State v. Woodcock

Annotate this Case

706 P.2d 1012 (1985)

75 Or.App. 659

STATE of Oregon, Respondent, v. William C. WOODCOCK, Appellant.

42937; CA A34352.

Court of Appeals of Oregon.

Argued and Submitted June 10, 1985.

Decided October 9, 1985.

Reconsideration Denied December 6, 1985.

*1013 Robert G. Higgins, McMinnville, argued the cause and filed the brief for appellant.

Thomas H. Denney, Asst. Atty. Gen., Salem, argued the cause for respondent. With him on the brief were Dave Frohnmayer, Atty. Gen., and James E. Mountain, Jr., Sol. Gen., Salem.

Before GILLETTE, P.J., and VAN HOOMISSEN and YOUNG, JJ.

YOUNG, Judge.

Defendant appeals his conviction for furnishing obscene materials to minors, a Class A misdemeanor. ORS 167.065(2). He argues on appeal that the trial court erred in overruling his demurrer, because ORS 167.065(1)(b) is unconstitutionally overbroad under Article I, section 8, of the Oregon Constitution.[1] We agree and reverse.[2]

Defendant sold lapel buttons containing slogans not fit for print in these pages.[3] He was convicted of furnishing material containing obscenities to minors in violation of ORS 167.065(1)(b), which provides in part:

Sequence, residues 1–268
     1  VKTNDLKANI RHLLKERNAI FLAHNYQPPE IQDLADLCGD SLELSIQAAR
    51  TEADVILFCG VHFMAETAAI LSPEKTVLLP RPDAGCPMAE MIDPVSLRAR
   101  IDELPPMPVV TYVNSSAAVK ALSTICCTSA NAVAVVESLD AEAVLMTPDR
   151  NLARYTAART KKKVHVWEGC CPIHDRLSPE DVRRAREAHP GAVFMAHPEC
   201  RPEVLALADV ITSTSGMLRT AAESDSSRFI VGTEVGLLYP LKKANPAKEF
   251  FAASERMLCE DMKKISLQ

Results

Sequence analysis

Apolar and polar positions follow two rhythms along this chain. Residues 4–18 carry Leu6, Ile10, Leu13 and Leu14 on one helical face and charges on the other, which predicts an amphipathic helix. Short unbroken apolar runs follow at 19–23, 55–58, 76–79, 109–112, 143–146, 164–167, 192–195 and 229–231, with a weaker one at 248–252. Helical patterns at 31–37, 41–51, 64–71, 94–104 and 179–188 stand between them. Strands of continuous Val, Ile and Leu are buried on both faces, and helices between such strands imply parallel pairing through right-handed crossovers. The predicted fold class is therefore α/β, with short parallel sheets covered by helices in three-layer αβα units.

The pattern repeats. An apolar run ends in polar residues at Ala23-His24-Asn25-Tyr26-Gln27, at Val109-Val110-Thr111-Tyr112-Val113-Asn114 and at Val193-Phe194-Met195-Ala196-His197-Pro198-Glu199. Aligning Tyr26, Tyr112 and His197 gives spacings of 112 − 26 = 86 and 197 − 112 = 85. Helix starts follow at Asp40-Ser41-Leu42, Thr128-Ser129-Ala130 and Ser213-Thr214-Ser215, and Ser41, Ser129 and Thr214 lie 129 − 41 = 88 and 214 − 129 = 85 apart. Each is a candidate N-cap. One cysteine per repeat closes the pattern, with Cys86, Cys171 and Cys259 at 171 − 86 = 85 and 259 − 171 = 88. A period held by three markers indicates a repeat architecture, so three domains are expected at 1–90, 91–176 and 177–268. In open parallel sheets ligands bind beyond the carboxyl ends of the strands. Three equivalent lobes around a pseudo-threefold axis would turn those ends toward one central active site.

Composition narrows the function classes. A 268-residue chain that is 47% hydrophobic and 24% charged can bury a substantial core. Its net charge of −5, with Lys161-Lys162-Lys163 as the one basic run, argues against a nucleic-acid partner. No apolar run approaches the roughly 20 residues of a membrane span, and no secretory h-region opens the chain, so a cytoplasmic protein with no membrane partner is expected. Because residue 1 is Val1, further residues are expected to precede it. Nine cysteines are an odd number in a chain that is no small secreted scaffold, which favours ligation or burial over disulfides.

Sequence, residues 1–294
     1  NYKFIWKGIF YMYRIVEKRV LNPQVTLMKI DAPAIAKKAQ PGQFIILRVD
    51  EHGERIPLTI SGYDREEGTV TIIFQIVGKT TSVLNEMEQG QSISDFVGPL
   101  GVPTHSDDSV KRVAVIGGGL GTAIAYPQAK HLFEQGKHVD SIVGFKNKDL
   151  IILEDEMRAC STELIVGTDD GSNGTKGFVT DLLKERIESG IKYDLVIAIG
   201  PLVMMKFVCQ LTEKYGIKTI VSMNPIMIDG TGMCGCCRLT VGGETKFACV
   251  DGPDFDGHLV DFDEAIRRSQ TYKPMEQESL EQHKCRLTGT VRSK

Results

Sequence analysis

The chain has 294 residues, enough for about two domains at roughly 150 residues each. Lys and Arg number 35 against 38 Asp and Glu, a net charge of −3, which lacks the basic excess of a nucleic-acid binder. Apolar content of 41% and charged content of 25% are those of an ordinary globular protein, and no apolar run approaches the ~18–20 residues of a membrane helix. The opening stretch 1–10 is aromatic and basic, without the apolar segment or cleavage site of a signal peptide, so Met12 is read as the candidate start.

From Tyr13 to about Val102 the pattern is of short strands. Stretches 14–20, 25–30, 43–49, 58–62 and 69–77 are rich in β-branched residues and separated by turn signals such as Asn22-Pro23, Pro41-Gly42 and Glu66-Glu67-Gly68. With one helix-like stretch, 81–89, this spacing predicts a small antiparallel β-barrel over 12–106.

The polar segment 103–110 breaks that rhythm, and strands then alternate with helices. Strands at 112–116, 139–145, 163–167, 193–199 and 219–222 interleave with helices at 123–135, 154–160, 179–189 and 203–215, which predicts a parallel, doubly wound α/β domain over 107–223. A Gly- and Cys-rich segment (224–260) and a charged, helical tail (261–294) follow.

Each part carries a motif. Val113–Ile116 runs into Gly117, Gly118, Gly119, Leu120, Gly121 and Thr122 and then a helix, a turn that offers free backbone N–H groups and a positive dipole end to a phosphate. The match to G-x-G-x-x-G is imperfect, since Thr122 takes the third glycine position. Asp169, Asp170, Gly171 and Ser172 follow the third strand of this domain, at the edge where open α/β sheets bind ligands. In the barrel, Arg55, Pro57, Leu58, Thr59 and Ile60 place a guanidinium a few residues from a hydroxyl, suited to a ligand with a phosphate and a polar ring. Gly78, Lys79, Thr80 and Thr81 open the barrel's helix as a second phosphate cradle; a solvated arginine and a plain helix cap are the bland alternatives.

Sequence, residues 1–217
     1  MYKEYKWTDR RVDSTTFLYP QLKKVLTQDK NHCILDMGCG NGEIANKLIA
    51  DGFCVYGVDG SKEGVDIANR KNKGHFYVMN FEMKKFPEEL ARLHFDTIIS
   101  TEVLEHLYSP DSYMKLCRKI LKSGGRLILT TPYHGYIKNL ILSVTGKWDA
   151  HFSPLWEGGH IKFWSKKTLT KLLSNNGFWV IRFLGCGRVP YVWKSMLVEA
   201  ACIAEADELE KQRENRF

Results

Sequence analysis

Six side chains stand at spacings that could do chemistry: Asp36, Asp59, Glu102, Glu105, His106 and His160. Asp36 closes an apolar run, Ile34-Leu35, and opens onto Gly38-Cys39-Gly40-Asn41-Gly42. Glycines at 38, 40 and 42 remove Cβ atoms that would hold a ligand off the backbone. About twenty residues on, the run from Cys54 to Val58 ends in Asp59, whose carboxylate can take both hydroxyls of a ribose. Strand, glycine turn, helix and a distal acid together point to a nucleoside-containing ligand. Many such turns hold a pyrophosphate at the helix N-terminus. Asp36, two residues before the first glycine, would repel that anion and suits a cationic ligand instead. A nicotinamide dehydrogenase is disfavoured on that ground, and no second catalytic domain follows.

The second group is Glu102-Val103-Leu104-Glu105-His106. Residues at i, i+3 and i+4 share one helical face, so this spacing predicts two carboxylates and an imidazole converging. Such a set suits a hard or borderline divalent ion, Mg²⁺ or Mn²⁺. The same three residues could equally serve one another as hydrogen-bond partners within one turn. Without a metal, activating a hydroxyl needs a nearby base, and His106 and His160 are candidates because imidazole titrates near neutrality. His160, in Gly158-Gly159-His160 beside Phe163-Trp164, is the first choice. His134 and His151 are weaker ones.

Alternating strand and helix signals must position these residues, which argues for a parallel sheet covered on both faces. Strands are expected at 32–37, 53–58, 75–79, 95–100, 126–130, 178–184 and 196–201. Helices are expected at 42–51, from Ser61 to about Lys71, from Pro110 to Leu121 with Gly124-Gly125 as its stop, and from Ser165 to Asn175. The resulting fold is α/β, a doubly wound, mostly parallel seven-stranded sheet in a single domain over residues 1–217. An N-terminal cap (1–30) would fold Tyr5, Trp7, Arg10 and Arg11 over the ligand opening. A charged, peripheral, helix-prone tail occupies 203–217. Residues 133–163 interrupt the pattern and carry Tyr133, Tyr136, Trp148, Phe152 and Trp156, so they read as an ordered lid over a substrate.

"(1) A person commits the crime of furnishing obscene materials to minors if, knowing or having good reason to know the character of the material furnished, he furnishes to a minor: "* * * "(b) Any book, magazine, paperback, pamphlet or other written or printed matter * * * which contains * * * obscenities * * *."

ORS 167.060(3) and 167.060(7) provide:

"(3) `Furnishes' means to sell, give, rent, loan or otherwise provide. "* * * "(7) `Obscenities' means those slang words currently generally rejected for regular use in mixed society, that are used to refer to genitals, female breasts, sexual conduct or excretory functions or products, either that have no other meaning or that in context are clearly used for their bodily, sexual or excretory meaning."

ORS 167.065(1)(b) essentially prohibits furnishing minors with any printed matter containing "dirty words" no matter how incidental the objectionable language is in the context of the work as a whole.